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Becker-Dunn, E. (2015). Epilogue: Category/Gender: Subject to Change. Psychoanal. Inq., 35(8):837-839.

(2015). Psychoanalytic Inquiry, 35(8):837-839


Epilogue: Category/Gender: Subject to Change

Eileen Becker-Dunn, LCSW

From the moment we are born, we are assigned sex and gender. Pink persists as the color of choice for infant girls and blue for newborn boys. Marketing efforts target little girls with dolls and play kitchens; trucks, trains, and guns are aimed at little boys. College and employment applications and online customer satisfaction questionnaires require us to check the box for male or female. All this happens without conscious questioning. How did we know which bathroom to use as young children? Growing up, how did we know our sex or gender? Is the sex/gender binary of female and male, a social construction or a natural fact? In spite of the contributions of postmodern scholars and some relational psychoanalysts, many psychoanalysts still believe in the orderly linear development of binary gender identity. This issue of Psychoanalytic Inquiry raises questions, many questions, and, if the authors have done their jobs well, we will not come to conclusions. Ironically, the need to be sure has created problems for psychoanalysis in its treatment of people who have variant expressions and experiences of gender, sexuality and sexual orientation.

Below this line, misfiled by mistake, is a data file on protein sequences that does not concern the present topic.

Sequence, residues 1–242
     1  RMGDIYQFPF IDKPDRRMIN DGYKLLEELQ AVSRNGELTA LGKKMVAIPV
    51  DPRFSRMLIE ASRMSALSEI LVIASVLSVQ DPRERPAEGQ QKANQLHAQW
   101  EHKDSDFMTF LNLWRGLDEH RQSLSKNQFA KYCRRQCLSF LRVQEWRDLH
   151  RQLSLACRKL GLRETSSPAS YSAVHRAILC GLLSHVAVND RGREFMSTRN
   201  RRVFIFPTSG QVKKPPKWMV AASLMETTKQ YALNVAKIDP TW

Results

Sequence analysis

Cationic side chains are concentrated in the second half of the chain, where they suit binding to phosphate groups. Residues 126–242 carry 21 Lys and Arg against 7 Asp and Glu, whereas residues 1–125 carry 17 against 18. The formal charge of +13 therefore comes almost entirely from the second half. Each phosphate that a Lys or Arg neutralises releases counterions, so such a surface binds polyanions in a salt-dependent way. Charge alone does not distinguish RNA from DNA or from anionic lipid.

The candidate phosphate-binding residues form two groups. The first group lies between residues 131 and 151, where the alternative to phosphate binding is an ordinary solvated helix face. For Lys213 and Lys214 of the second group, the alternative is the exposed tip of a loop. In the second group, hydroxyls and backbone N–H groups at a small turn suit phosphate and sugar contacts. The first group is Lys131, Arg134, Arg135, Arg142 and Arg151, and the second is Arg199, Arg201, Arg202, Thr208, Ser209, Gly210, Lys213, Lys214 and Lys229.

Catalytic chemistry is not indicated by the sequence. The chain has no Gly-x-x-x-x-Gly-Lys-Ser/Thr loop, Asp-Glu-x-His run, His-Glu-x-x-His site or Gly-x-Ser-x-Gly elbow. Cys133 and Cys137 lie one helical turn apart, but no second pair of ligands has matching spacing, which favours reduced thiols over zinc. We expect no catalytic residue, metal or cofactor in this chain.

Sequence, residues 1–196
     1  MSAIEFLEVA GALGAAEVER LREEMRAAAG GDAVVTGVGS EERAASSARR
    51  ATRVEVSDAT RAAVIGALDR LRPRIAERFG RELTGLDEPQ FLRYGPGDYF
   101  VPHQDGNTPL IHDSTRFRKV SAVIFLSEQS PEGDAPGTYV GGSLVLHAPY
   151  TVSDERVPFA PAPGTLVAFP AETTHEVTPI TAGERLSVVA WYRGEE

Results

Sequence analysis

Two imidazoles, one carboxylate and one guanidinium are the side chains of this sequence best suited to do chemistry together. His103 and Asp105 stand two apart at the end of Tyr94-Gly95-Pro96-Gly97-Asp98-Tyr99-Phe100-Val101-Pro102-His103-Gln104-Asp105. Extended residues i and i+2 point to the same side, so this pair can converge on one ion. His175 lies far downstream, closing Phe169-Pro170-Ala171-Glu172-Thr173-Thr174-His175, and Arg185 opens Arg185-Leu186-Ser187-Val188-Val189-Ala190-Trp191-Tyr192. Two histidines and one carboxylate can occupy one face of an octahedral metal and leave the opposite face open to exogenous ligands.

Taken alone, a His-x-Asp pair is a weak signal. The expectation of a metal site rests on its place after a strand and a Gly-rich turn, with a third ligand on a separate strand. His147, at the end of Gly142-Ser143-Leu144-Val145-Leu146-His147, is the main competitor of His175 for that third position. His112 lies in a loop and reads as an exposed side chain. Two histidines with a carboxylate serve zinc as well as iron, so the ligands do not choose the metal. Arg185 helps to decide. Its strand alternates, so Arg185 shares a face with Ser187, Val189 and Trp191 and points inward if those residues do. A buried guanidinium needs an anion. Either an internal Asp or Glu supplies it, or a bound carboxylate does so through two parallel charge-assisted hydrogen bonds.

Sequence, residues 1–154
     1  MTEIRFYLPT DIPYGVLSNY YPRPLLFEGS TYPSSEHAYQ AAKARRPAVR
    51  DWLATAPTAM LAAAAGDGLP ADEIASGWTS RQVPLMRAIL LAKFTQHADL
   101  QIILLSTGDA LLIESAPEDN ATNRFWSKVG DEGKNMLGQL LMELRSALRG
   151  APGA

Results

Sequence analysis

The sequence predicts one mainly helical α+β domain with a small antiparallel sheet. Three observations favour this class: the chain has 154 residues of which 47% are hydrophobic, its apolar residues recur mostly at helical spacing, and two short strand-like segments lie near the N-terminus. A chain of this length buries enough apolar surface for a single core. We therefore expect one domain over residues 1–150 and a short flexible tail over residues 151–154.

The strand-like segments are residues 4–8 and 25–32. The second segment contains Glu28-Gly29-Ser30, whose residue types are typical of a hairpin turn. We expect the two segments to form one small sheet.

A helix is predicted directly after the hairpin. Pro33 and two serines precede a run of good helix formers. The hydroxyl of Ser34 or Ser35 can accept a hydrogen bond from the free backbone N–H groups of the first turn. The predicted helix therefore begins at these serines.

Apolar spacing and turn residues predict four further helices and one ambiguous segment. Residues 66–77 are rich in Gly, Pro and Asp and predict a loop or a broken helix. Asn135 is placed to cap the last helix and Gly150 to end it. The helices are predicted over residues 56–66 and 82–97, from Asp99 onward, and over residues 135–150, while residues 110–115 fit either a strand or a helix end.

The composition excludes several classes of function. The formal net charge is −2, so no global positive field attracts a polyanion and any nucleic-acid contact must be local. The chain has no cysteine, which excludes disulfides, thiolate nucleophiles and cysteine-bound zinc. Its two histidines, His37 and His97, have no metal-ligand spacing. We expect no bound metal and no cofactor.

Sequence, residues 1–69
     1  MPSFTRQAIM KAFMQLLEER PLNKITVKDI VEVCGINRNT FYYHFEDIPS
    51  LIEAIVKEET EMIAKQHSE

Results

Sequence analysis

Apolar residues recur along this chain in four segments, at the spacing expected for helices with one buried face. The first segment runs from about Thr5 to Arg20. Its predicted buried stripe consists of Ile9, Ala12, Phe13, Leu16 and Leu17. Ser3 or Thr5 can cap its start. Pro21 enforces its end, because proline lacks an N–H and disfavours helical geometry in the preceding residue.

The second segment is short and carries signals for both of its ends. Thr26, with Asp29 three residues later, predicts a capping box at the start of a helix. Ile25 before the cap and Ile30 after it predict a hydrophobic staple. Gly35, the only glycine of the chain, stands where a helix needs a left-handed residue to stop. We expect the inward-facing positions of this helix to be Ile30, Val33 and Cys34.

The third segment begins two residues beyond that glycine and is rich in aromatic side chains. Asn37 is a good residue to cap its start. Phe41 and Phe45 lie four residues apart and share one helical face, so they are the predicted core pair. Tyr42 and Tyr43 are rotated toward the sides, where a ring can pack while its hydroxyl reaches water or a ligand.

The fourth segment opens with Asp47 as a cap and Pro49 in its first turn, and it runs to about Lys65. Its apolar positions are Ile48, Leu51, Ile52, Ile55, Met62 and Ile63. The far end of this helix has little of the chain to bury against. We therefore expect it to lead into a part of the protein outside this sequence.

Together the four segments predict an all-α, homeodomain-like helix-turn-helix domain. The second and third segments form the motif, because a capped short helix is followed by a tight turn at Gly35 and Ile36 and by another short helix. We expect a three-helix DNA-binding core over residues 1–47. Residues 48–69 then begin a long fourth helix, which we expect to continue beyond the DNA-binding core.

In the film XXY, Puenzo (2007) evokes a hyperaware limbo in which the viewer scrutinizes all of the characters’ masculine and feminine qualities; in this issue Corbatta uses the film to explore how gender and sexual identities are created. Watching the film, we scan Alex’s body ever more aware of what we are not seeing—and wish to.

[This is a summary excerpt from the full text of the journal article. The full text of the document is available to journal subscribers on the publisher's website here.]

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